All Sail And No Anchor?


Reviewing David Bromwich’s The Intellectual Life of Edmund Burke, David Womersley raises the vexed question – familiar to any student of the British statesman – of his consistency:

A frequent emphasis in the radical ripostes published in the early 1790s to Burke’s Reflections on the Revolution in France, such as those written by Mary Wollstonecraft and Tom Paine, is that Burke had no consistency as a political thinker. In the 1790s with his attacks on revolutionary France he had emerged as a defender of monarchy and the hereditary principle; but previously (as in Thoughts on the Cause of the Present Discontents) he had been acutely critical of the growing influence of the British Crown under Bute and George III. In the 1770s and 1780s Burke had been the advocate of the American colonists and had urged Britain towards policies of peace and conciliation, but in the 1790s he had become the unappeasable enemy of the French revolutionaries and the unflinching spokesman for a regicide war to be pursued à l’outrance. The passage of less than a decade had transformed (so it seemed to the radicals) the indignant champion of the Indians suffering under the despotic administration of the East India Company into an apologist for Europe’s ancien régime who had nothing but indifference for the hardships imposed on the French people by an absolute monarchy.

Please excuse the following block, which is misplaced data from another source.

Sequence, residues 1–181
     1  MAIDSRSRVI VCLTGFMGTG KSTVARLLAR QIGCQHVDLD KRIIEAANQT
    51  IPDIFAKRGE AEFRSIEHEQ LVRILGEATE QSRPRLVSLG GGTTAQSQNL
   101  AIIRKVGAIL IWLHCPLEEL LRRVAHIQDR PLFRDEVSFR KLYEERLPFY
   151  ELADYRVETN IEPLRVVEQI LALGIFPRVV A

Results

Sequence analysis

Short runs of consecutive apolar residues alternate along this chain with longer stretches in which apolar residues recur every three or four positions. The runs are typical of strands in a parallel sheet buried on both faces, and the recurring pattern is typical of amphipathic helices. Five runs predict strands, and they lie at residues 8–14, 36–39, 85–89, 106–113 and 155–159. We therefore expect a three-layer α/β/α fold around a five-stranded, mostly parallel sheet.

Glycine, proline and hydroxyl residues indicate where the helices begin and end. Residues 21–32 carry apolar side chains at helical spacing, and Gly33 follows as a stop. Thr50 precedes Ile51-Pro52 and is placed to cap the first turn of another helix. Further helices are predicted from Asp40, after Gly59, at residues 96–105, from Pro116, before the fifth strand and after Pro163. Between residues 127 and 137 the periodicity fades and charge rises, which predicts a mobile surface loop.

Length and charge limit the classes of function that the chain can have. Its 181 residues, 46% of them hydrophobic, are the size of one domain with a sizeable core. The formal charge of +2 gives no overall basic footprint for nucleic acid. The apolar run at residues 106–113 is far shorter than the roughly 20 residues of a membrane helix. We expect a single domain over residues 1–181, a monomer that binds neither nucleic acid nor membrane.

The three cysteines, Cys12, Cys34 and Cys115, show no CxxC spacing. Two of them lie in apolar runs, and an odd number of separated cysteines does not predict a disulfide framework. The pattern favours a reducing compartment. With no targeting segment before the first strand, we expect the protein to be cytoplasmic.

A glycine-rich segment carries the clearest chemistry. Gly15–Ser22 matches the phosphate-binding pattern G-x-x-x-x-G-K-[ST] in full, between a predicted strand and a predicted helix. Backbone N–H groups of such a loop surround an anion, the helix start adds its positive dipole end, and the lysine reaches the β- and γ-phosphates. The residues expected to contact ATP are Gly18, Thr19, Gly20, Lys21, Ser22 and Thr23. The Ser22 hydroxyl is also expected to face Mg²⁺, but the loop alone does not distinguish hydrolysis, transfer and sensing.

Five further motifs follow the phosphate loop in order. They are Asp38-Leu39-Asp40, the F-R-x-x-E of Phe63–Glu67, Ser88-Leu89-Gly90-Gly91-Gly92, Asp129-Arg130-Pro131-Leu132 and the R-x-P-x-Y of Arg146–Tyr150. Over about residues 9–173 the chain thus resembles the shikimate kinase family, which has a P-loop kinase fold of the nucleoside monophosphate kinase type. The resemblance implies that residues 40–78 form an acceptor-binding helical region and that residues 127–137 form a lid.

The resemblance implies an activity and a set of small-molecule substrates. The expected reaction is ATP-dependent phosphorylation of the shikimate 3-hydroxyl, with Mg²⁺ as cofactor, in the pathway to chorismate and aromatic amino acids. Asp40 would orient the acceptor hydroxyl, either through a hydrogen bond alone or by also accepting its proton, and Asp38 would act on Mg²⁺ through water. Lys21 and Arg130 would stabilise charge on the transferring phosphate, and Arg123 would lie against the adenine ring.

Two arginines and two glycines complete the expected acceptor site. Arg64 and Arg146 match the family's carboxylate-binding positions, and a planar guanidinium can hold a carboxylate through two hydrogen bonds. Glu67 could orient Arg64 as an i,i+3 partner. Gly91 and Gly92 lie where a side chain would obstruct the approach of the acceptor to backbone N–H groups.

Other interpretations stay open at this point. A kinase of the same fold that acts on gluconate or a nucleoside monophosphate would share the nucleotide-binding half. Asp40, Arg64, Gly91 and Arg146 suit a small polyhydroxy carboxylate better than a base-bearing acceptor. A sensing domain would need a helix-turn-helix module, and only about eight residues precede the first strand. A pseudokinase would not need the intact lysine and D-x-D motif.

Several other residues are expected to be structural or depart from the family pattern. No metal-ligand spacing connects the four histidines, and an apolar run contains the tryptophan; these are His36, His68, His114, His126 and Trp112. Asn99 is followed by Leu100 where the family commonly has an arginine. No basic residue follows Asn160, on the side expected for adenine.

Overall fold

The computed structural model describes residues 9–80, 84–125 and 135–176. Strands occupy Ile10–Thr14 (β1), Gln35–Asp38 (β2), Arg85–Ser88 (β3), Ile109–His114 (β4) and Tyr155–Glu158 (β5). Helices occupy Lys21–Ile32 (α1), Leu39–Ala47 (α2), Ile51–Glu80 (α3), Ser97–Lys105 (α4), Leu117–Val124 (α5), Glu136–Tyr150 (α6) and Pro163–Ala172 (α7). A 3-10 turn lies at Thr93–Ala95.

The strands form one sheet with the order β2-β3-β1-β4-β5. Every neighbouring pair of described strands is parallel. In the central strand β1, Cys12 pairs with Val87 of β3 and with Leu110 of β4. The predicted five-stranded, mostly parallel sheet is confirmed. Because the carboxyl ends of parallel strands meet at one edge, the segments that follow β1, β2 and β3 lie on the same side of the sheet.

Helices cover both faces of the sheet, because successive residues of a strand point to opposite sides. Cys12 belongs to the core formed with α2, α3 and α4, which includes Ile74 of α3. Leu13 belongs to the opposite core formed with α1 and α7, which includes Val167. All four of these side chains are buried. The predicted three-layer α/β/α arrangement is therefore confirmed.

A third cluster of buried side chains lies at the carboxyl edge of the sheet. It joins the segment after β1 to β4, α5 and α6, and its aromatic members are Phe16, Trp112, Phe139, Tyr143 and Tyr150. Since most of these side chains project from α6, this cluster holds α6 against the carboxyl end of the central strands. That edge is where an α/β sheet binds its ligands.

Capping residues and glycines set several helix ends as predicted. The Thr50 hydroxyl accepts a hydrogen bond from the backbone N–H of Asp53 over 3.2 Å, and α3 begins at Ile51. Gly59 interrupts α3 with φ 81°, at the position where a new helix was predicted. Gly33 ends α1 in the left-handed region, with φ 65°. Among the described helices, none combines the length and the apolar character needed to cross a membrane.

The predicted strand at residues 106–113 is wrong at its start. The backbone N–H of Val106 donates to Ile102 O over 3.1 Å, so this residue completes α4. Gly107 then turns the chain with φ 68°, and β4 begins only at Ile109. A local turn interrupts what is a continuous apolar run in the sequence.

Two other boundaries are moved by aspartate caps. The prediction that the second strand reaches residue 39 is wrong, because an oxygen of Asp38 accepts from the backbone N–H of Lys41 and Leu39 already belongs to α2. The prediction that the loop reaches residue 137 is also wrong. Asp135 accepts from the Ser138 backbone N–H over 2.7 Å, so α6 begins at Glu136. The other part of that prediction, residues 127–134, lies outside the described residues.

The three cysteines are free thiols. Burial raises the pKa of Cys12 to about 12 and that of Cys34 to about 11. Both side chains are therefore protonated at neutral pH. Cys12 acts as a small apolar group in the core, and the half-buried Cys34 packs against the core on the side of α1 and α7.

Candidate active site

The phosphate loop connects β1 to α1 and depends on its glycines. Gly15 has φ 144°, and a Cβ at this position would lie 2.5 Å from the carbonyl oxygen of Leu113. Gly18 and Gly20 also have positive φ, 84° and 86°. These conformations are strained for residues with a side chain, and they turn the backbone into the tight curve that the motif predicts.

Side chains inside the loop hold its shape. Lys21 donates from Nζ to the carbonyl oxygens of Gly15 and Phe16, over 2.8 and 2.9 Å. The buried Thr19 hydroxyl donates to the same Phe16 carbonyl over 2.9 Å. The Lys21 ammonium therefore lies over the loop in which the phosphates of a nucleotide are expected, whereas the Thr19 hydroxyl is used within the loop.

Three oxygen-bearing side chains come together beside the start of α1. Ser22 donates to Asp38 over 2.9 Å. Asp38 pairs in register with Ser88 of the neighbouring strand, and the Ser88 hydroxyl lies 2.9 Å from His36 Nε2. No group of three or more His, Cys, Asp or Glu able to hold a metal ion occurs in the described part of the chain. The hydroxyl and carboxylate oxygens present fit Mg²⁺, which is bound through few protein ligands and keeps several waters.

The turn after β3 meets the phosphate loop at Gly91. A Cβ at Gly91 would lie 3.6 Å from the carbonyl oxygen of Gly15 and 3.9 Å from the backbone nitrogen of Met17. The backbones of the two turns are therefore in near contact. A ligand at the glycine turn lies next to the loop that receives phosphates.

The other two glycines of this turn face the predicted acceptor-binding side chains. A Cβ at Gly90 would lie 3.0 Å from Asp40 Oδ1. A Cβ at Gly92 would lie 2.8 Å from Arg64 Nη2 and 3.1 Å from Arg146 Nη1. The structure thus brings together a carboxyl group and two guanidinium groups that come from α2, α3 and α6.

How Bromwich answers those charges:

Bromwich identifies two areas of important recurrent concern. The first is a nuanced formulation of the proper role of the people in the political life of a nation. As one might expect, it is a position tensed between two simpler, but more damaging, poles:

The people, says Burke, should not be trusted as advisers on policy or even necessarily as true reckoners of their interests in the short run, but they are always the best judges of their own oppression — so much so that we ought to fear any power on earth that sets itself above them.

The second is Burke’s undeviating commitment to justice. And it is in relation to the theme of justice that we encounter moments when Bromwich — himself a respected commentator on contemporary American politics — allows his exposition of the 18th-century British scene to resonate with our present discontents. Sometimes these connections with the present are introduced gently by way of an explanatory analogy, as in this helpful guidance about how to grasp Burke’s insistence that, in politics, the means must justify themselves, and that consequently means “always alter the character of the actor”:

Thus, if you justify the torture of suspects in order to assist a war against a wicked enemy, you will find that in doing so you have incorporated torture in your idea of justice.  You have come to an understanding with yourself, and the utmost savagery will be compatible with your nature thereafter.  You have become one of those who can acquit themselves of any wrong by appealing to a result in a plausible future.

(“Cincinnatus in Retirement” by James Gillray, 1782, a cartoon that caricatured Burke’s support of rights for Catholics, via Wikimedia Commons)